Last spring I went to get a haircut. I'm sort of pals with the woman (her name is Awura) who cuts my hair, and this time she was enthusing about how she'd gone (sort of) gluten free, and how amazingly much better she felt.
I ran down a long list of symptoms of celiac disease, and she said she'd had all of them.
Also, she has Graves, an autoimmune thyroid disease. Celiac disease is an autoimmune disease - it's an immune reaction to dietary gluten that triggers an autoimmune process, and other problems.
If someone has one autoimmune disease, they're likely to get others.
So already having an autoimmune disease and lots of symptoms of celiac disease, it seems likely she does have celiac disease.
But - she found out about the gluten-free diet from a book, Grain Brain - not from a doctor.
So, she is still eating gluten to some extent!
People who have celiac disease are supposed to consume no gluten, to the best of their ability.
I've seen this many times. People discover they have a problem with gluten via alternative-medicine ideas, or a popular book.
So they sort of quit gluten, but not really. If they were properly diagnosed with celiac disease by a doctor, the doctor would tell them to eat no gluten, that they should not eat wheat, barley, rye and probably oats (or foods derived from those grains). And the authority of the medical diagnosis means something to people.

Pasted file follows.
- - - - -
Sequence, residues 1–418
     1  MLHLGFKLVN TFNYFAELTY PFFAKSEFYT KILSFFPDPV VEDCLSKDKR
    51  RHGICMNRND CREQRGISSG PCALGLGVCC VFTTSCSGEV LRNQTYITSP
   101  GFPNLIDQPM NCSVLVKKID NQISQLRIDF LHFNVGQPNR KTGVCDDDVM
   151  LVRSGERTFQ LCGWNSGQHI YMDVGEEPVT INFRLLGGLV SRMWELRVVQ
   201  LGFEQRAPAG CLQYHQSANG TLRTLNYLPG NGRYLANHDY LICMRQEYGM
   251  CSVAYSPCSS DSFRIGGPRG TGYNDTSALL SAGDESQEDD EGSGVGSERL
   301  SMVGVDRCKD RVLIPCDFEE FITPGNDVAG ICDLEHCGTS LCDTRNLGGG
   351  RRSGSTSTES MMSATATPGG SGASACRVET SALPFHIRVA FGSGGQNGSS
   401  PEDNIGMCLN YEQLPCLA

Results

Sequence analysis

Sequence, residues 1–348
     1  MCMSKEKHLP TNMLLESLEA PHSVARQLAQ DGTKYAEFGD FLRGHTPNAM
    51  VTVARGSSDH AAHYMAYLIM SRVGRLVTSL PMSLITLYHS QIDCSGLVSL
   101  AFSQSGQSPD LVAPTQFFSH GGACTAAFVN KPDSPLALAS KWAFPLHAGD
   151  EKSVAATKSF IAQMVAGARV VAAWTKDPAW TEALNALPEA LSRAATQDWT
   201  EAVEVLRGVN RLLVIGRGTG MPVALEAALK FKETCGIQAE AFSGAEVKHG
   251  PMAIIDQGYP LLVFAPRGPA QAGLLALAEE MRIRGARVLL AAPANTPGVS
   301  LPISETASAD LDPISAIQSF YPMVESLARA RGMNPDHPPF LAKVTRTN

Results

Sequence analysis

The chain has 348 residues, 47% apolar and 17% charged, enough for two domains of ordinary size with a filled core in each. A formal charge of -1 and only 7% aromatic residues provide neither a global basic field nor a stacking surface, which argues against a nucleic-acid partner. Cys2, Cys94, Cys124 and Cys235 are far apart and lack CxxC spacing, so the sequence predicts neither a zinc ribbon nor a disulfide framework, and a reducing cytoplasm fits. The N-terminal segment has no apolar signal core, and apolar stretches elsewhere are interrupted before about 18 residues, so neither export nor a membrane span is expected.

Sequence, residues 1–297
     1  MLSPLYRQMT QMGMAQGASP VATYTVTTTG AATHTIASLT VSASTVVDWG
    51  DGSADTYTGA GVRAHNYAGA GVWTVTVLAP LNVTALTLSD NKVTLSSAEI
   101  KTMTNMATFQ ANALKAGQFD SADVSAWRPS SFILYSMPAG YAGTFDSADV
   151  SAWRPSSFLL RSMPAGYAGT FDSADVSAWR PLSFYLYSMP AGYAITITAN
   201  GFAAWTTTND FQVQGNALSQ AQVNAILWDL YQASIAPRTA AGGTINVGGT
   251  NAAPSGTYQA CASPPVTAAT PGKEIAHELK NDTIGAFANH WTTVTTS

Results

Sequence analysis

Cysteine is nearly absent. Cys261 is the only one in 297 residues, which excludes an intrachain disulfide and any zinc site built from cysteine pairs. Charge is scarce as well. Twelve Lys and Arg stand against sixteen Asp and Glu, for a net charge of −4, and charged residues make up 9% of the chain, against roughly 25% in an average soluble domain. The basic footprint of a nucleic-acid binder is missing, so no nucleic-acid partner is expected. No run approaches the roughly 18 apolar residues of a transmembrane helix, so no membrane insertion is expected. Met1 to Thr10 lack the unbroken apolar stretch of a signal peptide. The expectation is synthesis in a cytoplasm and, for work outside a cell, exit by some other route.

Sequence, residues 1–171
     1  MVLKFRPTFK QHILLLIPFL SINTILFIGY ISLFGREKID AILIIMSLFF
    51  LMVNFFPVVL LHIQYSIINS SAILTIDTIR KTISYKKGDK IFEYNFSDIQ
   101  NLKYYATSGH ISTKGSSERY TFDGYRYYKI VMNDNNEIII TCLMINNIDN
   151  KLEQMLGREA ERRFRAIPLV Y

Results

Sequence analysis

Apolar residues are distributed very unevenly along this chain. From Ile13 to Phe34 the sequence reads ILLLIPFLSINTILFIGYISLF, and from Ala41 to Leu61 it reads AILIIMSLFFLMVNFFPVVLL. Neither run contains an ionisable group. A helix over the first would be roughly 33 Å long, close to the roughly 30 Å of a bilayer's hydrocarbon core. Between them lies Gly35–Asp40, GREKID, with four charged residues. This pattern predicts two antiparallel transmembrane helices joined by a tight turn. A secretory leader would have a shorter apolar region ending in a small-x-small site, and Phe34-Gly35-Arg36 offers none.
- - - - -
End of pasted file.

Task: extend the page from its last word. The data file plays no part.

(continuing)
It's a big problem with these "alternative" or "popular" approaches to health. People don't take them all that seriously. These books and so on are under-diagnosing people with serious problems. Celiac disease can kill people. It raises the risk of several kinds of cancer.
I suggested to Awura years ago that she might have a gluten problem. But it just went in one ear and out the other :(
This fall when she cut my hair again, she was still eating gluten now and then. She says it makes her vaguely sick, but she does it anyway.
From my experience and those of many others I've heard from, this probably means that she's still eating enough gluten in an ongoing way so that her body suppresses obvious symptoms when she eats a major amount of gluten. If she really went gluten-free for an extended time and then ate a major amount of gluten, she'd likely get really sick.
I told her she was running an increased risk of cancer and other problems as long as she kept on eating gluten - that she likely has celiac disease even though she hasn't been properly diagnosed.
She said she didn't think she had celiac disease. I told her people can have celiac disease without the obvious "classical" symptoms.
I hope it sinks in eventually. Often people with celiac disease seem to be addicted to gluten.